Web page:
This work, written with the intention of supplementing the Hexaemeron of Saint Basil, highlights the uniqueness of the human being, created in God's image and likeness (Gen 1:27) Saint Gregory's enquiry involves human life and existence; perhaps the greatest wonder and mystery of the world, as 'no other existing thing, save the human creation, has been made like to God.'
Saint Gregory of Nyssa begins by discussing God's creation, with His divine power and skill implanted in the growth of things,' upholding and guiding the rotating earth. The created world did not come into existence through mere chance, but according to the Lord's will. 'All things that are seen in the creation are the offspring of rest and motion, brought into being by the Divine Will.' Saint Gregory highlights the beauty of life on earth, as a consequence of God's great power and wisdom.
..'The varied produce of the trees, just risen from the ground, yet shot up at once into their perfect beauty; and all the beasts that had come into life at God's command were rejoicing and skipping about, running to and fro in the thickets in herds according to their kind..'
However, 'none was there to share it' Saint Gregory writes. Interestingly, this highlights the uniqueness of the being to be created last, and its personal relationship, and connection with the Creator; as the pinnacle, and culmination of the Lord's creative works. 'All the wealth of creation by land and sea was ready' and prepared for the Creator's children, who He created to freely choose eternal communion and life with Him in His Kingdom. God therefore 'manifests man in the world, to be the beholder of some of the wonders therein.. that by his enjoyment he might have knowledge of the Giver, and by the beauty and majesty of the things he saw might trace out that power of the Maker which is beyond speech and language.'
This beautiful sentence tells us of mans calling, to live life on earth admiring and caring for its beauty and wonder, in order to have knowledge of our God and Maker. 'For this reason man was brought into the world last after the creation, not being rejected to the last as worthless, but as one whom it behooved to be king over his subjects at his very birth.' For Saint Gregory, the fact that God prepared the beauty and natural needs for mans formation and growth, the human being is truly bound to God; and exists in order to share and rejoice in His life, which the Lord freely offers us.
God has created us for a divine and sovereign purpose; given the gift of the soul which in itself shows our exalted nature and character:
'For as in our own life artificers fashion a tool in the way suitable to its use, so the best Artificer made our nature as it were a formation fit for the exercise of royalty, preparing it at once by superior advantages of soul..'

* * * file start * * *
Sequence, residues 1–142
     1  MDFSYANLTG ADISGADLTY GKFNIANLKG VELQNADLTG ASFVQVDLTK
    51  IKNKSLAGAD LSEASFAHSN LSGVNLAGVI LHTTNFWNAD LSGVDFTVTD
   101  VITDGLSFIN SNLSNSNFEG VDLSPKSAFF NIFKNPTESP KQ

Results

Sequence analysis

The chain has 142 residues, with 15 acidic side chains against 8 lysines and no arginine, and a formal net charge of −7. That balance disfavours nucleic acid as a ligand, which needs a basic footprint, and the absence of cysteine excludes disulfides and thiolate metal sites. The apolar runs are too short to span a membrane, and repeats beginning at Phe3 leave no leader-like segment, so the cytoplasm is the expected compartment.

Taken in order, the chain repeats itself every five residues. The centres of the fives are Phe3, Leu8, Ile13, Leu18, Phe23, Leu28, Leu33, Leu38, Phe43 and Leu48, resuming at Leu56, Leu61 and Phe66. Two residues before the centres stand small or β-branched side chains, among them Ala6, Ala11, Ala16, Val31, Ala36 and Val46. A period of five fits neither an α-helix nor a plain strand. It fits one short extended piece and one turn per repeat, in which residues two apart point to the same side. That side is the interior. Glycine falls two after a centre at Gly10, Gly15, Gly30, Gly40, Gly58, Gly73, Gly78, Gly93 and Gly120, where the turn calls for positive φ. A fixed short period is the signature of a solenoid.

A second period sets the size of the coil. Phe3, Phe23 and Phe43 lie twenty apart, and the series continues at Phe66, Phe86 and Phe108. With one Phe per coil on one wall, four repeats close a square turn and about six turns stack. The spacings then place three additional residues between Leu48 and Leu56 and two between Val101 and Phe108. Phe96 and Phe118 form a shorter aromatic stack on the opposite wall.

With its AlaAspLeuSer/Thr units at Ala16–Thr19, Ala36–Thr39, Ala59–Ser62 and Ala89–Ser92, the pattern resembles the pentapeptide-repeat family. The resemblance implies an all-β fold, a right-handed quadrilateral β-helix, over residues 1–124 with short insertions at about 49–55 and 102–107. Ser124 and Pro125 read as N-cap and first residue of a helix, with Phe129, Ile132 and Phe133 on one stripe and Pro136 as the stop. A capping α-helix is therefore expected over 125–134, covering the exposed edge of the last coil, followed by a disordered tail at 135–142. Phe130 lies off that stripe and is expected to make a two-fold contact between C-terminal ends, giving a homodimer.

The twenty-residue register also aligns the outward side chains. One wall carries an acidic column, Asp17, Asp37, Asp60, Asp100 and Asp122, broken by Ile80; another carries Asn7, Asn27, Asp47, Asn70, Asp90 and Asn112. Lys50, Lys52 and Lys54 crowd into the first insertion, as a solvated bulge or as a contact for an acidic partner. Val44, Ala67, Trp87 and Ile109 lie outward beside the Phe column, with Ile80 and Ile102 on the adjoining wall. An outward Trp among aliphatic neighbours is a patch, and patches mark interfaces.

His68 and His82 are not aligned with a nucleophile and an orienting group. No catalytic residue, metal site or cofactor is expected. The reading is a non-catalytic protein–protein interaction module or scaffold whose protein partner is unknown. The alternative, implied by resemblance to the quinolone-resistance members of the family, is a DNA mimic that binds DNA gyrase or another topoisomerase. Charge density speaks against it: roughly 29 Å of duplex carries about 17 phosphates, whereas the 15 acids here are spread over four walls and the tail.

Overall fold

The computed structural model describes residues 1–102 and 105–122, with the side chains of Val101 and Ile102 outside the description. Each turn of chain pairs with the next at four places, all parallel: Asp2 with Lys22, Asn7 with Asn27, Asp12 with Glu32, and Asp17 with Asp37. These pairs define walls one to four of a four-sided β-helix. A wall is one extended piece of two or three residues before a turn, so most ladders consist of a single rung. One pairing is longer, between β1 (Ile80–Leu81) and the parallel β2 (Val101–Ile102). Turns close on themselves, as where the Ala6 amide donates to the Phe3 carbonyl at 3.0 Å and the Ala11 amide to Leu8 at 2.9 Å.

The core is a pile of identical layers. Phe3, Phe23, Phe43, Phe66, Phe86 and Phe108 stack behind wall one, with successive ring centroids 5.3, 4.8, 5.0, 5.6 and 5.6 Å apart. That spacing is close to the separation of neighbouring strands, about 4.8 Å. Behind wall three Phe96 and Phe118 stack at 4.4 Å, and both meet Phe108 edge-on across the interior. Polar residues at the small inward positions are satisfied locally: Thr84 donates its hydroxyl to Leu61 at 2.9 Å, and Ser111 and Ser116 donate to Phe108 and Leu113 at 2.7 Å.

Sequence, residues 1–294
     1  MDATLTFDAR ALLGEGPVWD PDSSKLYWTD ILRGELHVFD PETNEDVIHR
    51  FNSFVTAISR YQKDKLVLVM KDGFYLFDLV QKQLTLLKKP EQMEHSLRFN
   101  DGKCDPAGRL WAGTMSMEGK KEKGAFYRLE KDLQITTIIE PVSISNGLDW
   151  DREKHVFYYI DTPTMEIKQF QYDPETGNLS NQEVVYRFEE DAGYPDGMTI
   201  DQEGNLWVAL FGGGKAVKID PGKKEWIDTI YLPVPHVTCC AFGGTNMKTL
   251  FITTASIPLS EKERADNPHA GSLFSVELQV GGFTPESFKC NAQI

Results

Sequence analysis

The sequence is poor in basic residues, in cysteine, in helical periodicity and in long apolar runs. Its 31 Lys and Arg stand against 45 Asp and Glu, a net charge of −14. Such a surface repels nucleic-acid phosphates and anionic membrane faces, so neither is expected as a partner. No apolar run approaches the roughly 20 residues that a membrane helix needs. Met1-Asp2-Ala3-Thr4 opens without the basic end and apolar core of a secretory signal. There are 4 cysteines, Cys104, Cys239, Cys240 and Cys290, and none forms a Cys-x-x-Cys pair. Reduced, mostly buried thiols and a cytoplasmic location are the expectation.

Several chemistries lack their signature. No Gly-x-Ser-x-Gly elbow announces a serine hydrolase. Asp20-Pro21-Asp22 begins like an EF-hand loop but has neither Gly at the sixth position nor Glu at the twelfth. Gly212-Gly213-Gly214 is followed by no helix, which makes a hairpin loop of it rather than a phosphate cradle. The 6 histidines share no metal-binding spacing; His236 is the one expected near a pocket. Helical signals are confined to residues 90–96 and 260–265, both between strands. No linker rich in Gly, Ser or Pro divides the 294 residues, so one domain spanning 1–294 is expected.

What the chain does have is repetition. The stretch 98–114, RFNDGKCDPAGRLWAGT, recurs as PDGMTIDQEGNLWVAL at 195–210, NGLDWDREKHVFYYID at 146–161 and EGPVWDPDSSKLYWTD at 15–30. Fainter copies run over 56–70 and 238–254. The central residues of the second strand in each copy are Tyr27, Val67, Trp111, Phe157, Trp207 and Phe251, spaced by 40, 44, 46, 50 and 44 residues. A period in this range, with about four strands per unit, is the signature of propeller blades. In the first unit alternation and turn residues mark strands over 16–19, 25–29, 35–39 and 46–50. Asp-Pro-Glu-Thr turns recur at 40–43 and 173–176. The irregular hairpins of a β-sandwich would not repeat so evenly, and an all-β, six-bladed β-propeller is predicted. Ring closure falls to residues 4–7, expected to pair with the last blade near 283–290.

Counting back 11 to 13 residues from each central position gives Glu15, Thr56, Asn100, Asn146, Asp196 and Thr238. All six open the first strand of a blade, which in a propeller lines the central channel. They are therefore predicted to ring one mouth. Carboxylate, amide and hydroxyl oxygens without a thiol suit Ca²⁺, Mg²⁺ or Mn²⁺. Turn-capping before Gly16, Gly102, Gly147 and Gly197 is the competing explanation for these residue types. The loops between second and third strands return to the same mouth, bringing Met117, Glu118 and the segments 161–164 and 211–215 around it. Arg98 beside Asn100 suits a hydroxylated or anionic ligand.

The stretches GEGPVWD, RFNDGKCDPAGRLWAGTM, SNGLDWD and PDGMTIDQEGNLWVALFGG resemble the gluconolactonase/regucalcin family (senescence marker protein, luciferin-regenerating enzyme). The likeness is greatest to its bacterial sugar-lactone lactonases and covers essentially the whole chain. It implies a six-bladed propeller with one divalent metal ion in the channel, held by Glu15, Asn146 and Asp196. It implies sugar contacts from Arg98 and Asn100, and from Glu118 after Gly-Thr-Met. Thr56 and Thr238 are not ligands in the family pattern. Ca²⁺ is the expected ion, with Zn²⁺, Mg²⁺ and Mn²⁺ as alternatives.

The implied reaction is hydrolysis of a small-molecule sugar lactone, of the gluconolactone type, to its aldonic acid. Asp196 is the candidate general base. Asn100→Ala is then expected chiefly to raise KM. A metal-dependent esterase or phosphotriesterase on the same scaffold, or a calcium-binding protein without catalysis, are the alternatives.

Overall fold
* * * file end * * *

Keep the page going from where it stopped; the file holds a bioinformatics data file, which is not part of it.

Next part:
Saint Gregory teaches that the power of the soul may be considered in divisions. All living beings, subjects of nourishment and growth, have vegetative souls. This is seen in plants and irrational animals for example, as they clearly hold this simple sense. However, 'perfect bodily life is seen in the rational nature, which both is nourished and endowed with sense, and also partakes of reason and is ordered by mind.' The rational man, blended of every form of soul, is nourished by the vegetative kind, but to a greater extent by the higher, holy and perfect kind. This is another reason why Saint Gregory believes the Creation was a form of ascension: 'an ascent as it were by steps - I mean the various properties of life - from the lower to the perfect form.'
There is of course the carnal aspect of human nature, however Saint Gregory emphasises the importance of rising up against this, to the spiritual state, pleasing to God as our Father and Creator. Saint Gregory defines 'carnal' as being the bodily, animalistic pleasures, then the 'natural' which introduces the human being to virtue, but the highest state of being is the 'spiritual.' This state means man is fully and perfectly dedicated to the divine life.
To conclude, human life, the highest form of life and the pinnacle of Creation (as a divine mystery, and royal gift) should be lived for its spiritual, virtuous purpose, of revering, glorifying, and having knowledge of, our Creator and Archetype, through reason, and through the beauty and wonder of our earth.
Gregory of Nyssa, On the Making of Man, 1-14